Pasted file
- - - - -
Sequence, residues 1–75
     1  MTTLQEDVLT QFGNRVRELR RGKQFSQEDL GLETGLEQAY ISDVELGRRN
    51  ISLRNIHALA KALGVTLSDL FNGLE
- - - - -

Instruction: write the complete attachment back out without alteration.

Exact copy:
Sequence, residues 1–75
     1  MTTLQEDVLT QFGNRVRELR RGKQFSQEDL GLETGLEQAY ISDVELGRRN
    51  ISLRNIHALA KALGVTLSDL FNGLE